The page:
Jonah 2

May 5, 2002


Terry L. Brensinger, Ph.D., Pastor

The Grantham Church

Just recently I dropped a tea bag into a cup of boiling water. Within seconds, the otherwise clear and transparent water began turning brown. Let me ask you. Did the boiling water put that brown color in that tea bag, or did the water merely bring out of the tea bag something that was already there? Have you ever been in hot water? What came out of you? Here in Jonah 2, our leading character finds himself in boiling and bubbling water, and we want this morning to pay close attention to what he does.

Last week, we looked at Jonah the Flabbergasted in 1:1-16. We noticed that Jonah acted on the basis of his feelings rather than in accordance with what he knew to be God’s will. We observed that Jonah had two faulty ideas about God–he believed that God ruled over only a small geographical area, and he also assumed that you could then run from him and actually get away with it. Finally, we saw that, while Jonah readily claimed to worship God, he did not obey him. God doesn’t simply look for people who claim to follow him, but for people who genuinely do what he asks. In the coming weeks, we hope to consider “Jonah the Follower,” “Jonah the Furious,” and “Jonah the Fugitive.” Today, however, we turn our attention to “Jonah the Fish Food.”

We left off last Sunday with Jonah sinking helplessly in the sea, having been thrown overboard by a group of terrified sailors. He had deliberately rejected God’s call on his life, and he ran away with all of his might. What a mess he got into. Jonah refused to say to God, “Your will be done,” so God said to him,

“O.K., Jonah, your will be done.” And look where it got him.

Of course, all of us who hear the story believe that Jonah got exactly what he deserved, don’t we. Nevertheless, something extremely unexpected now takes place. Most of us are aware that fish typically feed on smaller fish. In this case, however, a monstrous specimen suddenly appears on the scene and swallows Jonah as he sinks steadily to the bottom. This fish, the writer informs us, was sent by God–the Lord of the sea is also the Lord over all of the creatures who live there.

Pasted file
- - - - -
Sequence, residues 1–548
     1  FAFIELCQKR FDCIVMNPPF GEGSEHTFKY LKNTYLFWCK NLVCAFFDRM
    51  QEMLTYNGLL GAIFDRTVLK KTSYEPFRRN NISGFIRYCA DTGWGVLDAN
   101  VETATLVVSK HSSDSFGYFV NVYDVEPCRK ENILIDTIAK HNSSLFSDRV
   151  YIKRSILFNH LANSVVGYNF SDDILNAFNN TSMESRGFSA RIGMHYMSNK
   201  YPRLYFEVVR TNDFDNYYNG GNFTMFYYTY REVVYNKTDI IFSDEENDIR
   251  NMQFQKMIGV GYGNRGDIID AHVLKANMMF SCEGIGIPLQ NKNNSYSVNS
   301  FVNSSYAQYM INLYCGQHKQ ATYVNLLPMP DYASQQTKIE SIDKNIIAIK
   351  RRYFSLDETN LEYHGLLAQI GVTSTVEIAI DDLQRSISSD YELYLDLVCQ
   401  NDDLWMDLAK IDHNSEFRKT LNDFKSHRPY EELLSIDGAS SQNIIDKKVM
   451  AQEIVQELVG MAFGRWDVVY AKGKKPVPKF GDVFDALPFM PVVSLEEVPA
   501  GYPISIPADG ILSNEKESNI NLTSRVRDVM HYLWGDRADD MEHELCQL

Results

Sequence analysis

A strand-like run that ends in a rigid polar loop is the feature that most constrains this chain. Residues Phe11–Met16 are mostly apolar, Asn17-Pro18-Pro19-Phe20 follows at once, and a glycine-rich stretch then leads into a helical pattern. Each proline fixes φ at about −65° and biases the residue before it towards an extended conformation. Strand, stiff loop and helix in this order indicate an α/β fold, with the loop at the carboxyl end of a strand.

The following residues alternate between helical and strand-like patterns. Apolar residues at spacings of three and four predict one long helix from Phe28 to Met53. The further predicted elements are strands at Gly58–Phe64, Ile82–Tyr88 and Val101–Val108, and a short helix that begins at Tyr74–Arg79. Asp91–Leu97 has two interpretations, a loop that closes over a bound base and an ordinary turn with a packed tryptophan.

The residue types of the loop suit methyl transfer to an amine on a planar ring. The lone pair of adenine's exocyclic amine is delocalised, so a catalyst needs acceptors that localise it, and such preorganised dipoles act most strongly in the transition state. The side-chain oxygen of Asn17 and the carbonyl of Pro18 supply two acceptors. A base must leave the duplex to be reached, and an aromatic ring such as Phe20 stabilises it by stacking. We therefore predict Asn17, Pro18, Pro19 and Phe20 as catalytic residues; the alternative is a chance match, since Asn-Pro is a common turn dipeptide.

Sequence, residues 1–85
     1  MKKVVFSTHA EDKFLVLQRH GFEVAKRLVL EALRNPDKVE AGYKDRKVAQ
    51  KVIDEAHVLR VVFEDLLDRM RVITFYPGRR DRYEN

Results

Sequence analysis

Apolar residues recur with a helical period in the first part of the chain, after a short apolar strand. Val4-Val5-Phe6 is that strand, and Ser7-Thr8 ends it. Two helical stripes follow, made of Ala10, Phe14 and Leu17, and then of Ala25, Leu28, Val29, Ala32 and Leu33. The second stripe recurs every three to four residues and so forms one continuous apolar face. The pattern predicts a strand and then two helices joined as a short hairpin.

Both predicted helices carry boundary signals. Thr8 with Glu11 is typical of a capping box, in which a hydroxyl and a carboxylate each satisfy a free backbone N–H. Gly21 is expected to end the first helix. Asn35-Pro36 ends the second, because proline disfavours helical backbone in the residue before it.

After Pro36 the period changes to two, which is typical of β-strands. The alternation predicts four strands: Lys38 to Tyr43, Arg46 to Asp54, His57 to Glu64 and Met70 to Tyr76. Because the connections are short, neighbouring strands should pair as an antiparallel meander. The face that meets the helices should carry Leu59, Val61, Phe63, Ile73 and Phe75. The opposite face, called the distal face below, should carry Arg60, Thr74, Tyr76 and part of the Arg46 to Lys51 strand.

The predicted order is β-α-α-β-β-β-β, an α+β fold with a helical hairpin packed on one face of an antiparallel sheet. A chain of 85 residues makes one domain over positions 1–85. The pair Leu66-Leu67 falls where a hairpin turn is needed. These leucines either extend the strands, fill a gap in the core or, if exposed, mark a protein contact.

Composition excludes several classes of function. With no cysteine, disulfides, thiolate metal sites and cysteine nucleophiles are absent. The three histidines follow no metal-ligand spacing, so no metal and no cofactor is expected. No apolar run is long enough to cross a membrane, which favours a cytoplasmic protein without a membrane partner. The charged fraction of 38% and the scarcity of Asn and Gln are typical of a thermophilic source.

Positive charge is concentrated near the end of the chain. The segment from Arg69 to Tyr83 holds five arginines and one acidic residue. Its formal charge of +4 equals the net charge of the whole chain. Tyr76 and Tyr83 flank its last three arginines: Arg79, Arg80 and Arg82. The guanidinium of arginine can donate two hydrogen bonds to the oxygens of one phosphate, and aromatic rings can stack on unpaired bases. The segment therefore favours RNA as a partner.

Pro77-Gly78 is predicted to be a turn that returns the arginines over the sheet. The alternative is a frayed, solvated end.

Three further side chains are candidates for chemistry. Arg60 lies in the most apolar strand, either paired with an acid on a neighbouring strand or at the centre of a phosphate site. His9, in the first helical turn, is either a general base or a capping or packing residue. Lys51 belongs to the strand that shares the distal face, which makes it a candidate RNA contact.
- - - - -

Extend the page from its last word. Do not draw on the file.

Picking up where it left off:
Here, then, is Jonah, nestled in the belly of a fish. He has been all over lately, hasn’t he? While it certainly is not the Hilton, or even a Holiday Inn for that matter, Jonah’s new surroundings provide him with an opportunity to do some things that he hasn’t done for awhile–slow down, catch his breath, think, and pray. He had done very little of these previously in the story, but now he has no choice.

Before long, the events that had just transpired begin to flash across Jonah’s mental screen. Spontaneously, he recounts the near tragedy. According to his own description, Jonah was on the very brink of death itself (v. 2)–he was as good as dead. At that point, longing for air as he descended into watery darkness, Jonah did what virtually everyone in the world would do in such a situation. He uttered a prayer that, though not recorded here, probably went something like this. “Lord, get me out of here!” And God did.

Now, as Jonah continues to take inventory in the belly of this fish, he seemingly realizes that things are not quite as bad as they seemed. He can still breathe. He is alive, and so, rather than running from God, Jonah begins to praise him and to see the hand of God in all of this: “You, not the sailors, threw me into the sea. You, not simply the wind or the natural rotation of the earth upon its axis, caused the waves. And you, O God, saved my life. It was you all the time.” Jonah, fortunately, is beginning to revise his ideas about God.

Suddenly, Jonah backtracks again, as though he simply cannot believe what has happened. “The waters closed in over me,” he declares. “I was even entangled in seaweed, yet you delivered me, O God.” “My life was all but gone.” Jonah is overwhelmed, sensing the same relief that the apostle Paul apparently experienced centuries later. “We do not want you to be unaware,” Paul writes in 2 Corinthians 1:8-10,